ARLINGTON, Texas — Just as the effort to bring high-speed rail to Texas is gaining steam, a dispute over what kind of service to bring to the state and where to build the stations threatens to derail the project.
Tarrant County Commissioner Gary Fickes is among those who favors 200-mph trains on elevated tracks — possibly on right of way along Texas 360 in Arlington — to one station at Dallas/Fort Worth Airport. From there, a passenger could hop on a train and be in Houston in about 80 minutes, stopping only a few times to pick up passengers along the 250-mile journey.
Such a system would cost much more than other proposals but could be privately funded, and would be better for the state long term, Fickes argues. A Japanese company has already moved to Texas to put together a bullet-train proposal.
"I don't want to spend $5 billion to $10 billion for something that will fail, when we could do something better that could last us 100 years," Fickes said.
He is chairman of the Texas High Speed Rail and Transportation Corp., which for several years has tried to align political and business forces to get a bullet-style train system built in the state.
But other North Texas officials favor improving existing freight rail lines so they could serve not only D/FW Airport, but also the downtowns of Fort Worth and Dallas, and foster new development in the city centers.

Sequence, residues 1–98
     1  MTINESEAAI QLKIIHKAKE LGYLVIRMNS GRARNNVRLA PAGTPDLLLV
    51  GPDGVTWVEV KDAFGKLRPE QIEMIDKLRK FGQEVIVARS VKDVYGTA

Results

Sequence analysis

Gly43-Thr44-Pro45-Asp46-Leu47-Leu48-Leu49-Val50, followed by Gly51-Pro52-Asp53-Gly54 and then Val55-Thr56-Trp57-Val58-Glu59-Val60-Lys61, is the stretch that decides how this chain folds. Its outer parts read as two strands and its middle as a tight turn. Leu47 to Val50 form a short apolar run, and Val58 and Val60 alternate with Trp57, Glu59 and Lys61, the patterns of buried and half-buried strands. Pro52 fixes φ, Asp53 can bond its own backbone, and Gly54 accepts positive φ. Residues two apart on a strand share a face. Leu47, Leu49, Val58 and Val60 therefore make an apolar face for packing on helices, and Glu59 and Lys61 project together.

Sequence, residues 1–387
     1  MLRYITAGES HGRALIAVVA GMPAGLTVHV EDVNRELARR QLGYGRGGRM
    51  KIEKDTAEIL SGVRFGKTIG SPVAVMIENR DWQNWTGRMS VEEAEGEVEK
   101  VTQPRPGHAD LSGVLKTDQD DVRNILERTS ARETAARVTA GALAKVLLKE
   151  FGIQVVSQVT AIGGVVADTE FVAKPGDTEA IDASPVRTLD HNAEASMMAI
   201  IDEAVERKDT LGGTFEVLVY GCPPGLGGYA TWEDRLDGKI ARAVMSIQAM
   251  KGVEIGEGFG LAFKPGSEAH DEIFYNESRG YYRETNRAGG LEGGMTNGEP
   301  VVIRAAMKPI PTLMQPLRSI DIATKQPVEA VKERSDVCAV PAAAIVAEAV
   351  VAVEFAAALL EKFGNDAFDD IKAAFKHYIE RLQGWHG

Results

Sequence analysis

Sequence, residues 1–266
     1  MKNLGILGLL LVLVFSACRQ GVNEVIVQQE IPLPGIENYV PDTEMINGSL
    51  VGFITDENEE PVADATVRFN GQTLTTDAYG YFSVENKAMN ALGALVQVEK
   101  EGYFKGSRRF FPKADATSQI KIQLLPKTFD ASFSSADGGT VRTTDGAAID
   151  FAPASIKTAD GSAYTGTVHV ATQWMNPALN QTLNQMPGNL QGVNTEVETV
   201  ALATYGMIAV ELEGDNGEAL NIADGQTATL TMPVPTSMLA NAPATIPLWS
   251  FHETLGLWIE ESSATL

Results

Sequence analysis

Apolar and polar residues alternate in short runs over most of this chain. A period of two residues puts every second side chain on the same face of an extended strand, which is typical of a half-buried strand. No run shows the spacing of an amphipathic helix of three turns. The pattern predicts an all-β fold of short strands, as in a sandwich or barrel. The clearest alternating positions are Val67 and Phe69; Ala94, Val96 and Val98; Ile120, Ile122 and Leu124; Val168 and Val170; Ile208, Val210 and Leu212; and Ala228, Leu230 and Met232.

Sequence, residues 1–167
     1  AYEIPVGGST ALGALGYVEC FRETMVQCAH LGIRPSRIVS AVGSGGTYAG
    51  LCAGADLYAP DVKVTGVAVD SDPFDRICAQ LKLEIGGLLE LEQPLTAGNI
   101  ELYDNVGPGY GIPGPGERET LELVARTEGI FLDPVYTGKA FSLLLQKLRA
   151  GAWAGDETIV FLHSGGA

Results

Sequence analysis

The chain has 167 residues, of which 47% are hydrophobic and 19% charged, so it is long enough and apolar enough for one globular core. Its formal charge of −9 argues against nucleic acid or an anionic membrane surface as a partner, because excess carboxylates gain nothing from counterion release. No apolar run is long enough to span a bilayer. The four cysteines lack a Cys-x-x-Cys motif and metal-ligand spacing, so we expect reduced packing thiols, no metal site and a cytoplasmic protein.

Today, passenger trains in the populated areas can go no more than 79 mph in freight corridors, but with several billion dollars of improvements, supporters believe that they could achieve speeds of up to 150 mph.
The downtown-centric plan is favored by officials in Fort Worth and Dallas and endorsed by the Regional Transportation Council, the region's official planning body, which will discuss the issue today in Arlington. Either type of train service could meet the definition of high-speed rail.
"Our previous mayor, the current mayor and the next mayor has made a decision that we want this rail coming to Union Station (in downtown Dallas), and I believe Fort Worth is in a similar situation," said Dallas Councilman Ron Natinsky, regional council chairman and a Dallas mayoral candidate.
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